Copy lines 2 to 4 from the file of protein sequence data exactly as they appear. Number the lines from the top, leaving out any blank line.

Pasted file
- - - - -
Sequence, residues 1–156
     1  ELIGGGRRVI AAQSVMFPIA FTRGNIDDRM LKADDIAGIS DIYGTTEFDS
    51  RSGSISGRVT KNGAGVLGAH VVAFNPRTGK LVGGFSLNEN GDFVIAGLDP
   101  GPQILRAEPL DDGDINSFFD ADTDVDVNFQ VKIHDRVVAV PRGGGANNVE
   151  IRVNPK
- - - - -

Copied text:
     1  ELIGGGRRVI AAQSVMFPIA FTRGNIDDRM LKADDIAGIS DIYGTTEFDS
    51  RSGSISGRVT KNGAGVLGAH VVAFNPRTGK LVGGFSLNEN GDFVIAGLDP
   101  GPQILRAEPL DDGDINSFFD ADTDVDVNFQ VKIHDRVVAV PRGGGANNVE